The Cold War began in 1945, as the United States and Soviet Union turned to face one another after defeating Hitler's Germany and Japan.
While fighting the war, each side portrayed the other as an ally again fascism. America provided substantial assistance to the Soviet Union, whose people and military bore a great deal of the fighting and dying. Washington and Moscow negotiated key agreements at Yalta and Potsdam to structure the post-war world. But as soon as Hitler was gone, the Soviets began breaking their promises. They established puppet regimes in Eastern Europe, alarming and angering the US and "free" European countries.
Suddenly the Soviet leader sometimes called "Uncle Joe" (Stalin) during the war came into focus again as a brutal dictator with an expansionist agenda.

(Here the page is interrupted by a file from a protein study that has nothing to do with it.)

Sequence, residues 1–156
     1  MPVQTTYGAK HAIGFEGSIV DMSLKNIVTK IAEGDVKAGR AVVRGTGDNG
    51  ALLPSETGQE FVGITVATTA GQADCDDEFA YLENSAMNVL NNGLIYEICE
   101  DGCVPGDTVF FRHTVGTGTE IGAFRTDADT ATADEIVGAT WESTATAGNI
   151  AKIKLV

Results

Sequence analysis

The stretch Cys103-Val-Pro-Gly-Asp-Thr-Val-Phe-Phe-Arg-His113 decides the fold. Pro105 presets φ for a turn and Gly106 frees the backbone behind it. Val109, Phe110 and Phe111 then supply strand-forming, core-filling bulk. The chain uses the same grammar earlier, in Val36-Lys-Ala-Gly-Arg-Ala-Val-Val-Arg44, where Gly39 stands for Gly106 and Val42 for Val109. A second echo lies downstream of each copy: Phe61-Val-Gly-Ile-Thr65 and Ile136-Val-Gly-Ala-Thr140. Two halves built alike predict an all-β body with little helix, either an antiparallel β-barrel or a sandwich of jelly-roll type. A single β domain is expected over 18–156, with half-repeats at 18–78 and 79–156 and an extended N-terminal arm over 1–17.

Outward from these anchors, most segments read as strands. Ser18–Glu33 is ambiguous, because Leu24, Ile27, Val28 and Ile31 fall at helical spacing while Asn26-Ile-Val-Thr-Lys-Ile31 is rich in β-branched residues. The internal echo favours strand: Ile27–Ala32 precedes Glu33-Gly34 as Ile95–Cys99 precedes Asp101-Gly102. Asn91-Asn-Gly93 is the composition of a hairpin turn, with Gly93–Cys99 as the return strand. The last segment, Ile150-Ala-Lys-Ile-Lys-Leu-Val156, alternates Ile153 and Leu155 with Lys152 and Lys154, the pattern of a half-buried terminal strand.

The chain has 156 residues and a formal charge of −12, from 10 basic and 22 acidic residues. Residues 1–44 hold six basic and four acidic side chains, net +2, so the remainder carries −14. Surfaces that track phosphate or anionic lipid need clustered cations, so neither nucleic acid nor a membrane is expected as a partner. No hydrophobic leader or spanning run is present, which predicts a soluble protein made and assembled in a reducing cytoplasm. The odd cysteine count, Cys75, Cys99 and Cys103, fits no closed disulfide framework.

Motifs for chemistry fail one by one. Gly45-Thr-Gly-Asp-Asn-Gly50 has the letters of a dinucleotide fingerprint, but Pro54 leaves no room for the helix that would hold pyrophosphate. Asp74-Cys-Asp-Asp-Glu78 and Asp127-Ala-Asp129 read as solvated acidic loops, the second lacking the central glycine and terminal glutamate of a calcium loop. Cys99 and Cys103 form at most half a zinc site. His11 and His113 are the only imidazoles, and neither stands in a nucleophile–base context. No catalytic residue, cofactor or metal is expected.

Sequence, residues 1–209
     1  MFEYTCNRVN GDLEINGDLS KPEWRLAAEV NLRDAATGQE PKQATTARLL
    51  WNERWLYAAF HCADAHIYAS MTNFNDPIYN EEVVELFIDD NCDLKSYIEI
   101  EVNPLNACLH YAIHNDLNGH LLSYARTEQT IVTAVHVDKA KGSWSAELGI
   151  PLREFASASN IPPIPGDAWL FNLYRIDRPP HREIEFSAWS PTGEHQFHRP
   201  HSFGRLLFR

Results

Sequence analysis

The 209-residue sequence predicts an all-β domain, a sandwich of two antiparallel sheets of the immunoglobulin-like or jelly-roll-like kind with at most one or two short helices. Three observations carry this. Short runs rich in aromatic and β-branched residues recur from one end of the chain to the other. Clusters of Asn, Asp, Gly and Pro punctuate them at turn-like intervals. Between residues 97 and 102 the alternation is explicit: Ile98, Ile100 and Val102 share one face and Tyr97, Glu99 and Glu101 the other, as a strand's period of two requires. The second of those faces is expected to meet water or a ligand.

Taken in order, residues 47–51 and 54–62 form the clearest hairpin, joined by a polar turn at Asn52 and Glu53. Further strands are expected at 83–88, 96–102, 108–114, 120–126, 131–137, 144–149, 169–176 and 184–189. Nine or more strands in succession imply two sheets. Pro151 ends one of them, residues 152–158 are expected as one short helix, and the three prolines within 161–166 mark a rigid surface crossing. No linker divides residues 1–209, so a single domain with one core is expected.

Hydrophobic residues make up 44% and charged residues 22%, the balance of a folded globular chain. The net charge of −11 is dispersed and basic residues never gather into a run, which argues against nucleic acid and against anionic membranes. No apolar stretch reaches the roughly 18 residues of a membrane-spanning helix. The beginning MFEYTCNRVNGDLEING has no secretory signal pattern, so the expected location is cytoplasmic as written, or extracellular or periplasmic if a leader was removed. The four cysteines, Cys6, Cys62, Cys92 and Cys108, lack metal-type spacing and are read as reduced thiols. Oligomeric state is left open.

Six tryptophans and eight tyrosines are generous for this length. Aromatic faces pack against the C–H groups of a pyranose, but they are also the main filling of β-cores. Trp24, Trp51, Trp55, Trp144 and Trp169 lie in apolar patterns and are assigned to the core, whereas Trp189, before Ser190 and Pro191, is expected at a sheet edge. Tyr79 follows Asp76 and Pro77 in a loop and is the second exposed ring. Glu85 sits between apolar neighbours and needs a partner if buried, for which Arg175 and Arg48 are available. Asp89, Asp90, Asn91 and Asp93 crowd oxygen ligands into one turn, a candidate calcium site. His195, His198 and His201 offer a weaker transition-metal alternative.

How did the Cold War begin? Some argue it was incubating for years after the Bolshevik Revolution -- and World War II was a "time out" in an inevitable clash between the communist Soviet Union and capitalist United States. From this perspective, the origins of the Cold War are simple: World War II left two major powers standing, both with visions of spreading their incompatible ideological systems. To paraphrase an old saying, when there are only two tough guys on the block, there's a good chance of a fight.
Political and diplomatic disputes started even before the official end of the World War, including air and ground skirmishes. By 1950, US and Soviet pilots would be killing one another as part of the superpower proxy war in Korea, the first major armed conflict of the Cold War.